Columns / Discourse / November 9, 2016

Students stand in solidarity with Standing Rock

Last Wednesday, at 3a.m., 16 Knox students loaded up into two vans and set off for North Dakota. We traveled through Iowa, Minnesota and South Dakota to get there, the spread of urban and rural America racing by. We didn’t know each other, but were told by Knox’s Spiritual Life Director Lisa Seiwart, who planned the trip, that we would know each other extremely well by the end.

As we entered North Dakota and made our way to Sacred Stone Camp, we were stopped by a road block preventing us from continuing on the highway that would get us there. We slowed down the vans and were greeted by a woman in a military uniform (National Guard, we assumed) who told us that there was a hazard up ahead Ñ it wasn’t safe for us to continue. Looking at the stretch of highway ahead of us, we couldn’t see anything, but turned around and took a smaller road. We were met by another group of State Police. Roads were being blocked to prevent protesters from going to Sacred Stone. We hadn’t even entered the reservation yet, and I was already aware of how much the government (and corporate America) wants to put a stop to Standing Rock’s right to survive.

I’m not going to go into detail about the history of the Dakota Access Pipeline, because we shouldn’t be talking about the pipe. We should be talking about the Dakota people who are being told that their lives aren’t as important or valid as the predominately white community up the Missouri River. They are being told that their sacred ground, their holy areas, their children, their dignity are not important.

What amazes me is that the majority of the Dakota-Lakota people are not fighting solely for their validation as people, they are fighting for the preservation of the environment. They understand that not only will a pipeline disrupt their land and possibly soil their water source, but that the toll taken on the environment will be great. They are standing up for what they know is right in a peaceful manner, but are being treated as criminals.

Something the people of Standing Rock Sioux Tribe stressed was that they are not asking for people to go out and get arrested, they are not asking for any martyrs to make their mark Ñ that just plays into the hands of the Energy Transfer company. It allows them to call the Dakota people rowdy and criminal. They only ask for people to stand up with them, peacefully and lawfully. They ask for solidarity, not sacrifice.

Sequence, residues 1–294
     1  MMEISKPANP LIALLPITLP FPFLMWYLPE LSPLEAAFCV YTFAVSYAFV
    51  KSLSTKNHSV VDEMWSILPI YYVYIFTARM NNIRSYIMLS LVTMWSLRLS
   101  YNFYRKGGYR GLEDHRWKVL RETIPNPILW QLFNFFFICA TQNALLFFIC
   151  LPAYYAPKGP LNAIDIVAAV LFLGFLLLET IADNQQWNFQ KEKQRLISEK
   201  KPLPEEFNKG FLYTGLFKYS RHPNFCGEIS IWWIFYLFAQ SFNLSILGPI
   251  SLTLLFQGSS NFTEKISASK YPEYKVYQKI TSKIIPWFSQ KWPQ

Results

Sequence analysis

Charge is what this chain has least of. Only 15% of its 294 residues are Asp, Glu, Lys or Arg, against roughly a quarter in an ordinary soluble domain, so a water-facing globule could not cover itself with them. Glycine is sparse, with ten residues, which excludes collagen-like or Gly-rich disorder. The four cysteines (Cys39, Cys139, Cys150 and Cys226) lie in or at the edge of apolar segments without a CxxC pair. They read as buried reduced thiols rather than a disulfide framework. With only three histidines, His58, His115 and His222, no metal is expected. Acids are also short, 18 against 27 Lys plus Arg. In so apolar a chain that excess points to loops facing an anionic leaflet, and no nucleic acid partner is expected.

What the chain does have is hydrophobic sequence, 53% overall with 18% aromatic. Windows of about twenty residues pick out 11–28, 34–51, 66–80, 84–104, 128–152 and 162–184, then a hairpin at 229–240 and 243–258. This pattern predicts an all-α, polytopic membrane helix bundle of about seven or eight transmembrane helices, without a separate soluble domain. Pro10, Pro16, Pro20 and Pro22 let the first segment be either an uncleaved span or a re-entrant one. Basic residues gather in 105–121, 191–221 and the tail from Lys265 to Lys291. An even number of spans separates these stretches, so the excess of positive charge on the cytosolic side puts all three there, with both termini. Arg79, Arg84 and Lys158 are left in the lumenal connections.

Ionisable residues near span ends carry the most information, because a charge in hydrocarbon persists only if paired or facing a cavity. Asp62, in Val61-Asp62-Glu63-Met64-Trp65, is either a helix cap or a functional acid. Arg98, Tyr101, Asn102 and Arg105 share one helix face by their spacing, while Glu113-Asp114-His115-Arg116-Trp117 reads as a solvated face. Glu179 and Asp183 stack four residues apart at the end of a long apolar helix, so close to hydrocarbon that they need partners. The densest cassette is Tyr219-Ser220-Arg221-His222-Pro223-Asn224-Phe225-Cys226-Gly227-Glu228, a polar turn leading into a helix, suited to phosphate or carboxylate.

I witnessed heartbreak, hope, unity and forgiveness during my short time at Standing Rock. I heard a lot of stories that are not mine to tell, and I learned the importance of standing up and stepping back. It is important to offer solidarity, but to listen to what must be said by those that this situation is directly affecting. I was not threatened by mace, rubber bullets or law enforcement. My safety was never questioned, but I can’t say the same about other Water Protectors. There are people standing up for their right to a life source, their right to water, who are being physically threatened and incarcerated by doing so. Please keep that in mind as we watch the events of the Standing Rock protests unravel even more. We can’t understand.

Donations are always welcomed to Standing Rock. Money, food, gift cards, supplies for winter (they ask that no more clothes or shoes are sent to them), anything else you can think of. There is a community on the line of destruction. The Dakota Sioux Tribe has children, stories and a culture of kindness and forgiveness that began far before ours did, yet they are being told that they are not valid. As a community in and of ourselves, what can we do to stand in solidarity with them?

Lillie Chamberlin, Discourse Editor

Tags:  column DAPL discourse North Dakota Sioux Tribe solidarity Standing Rock water

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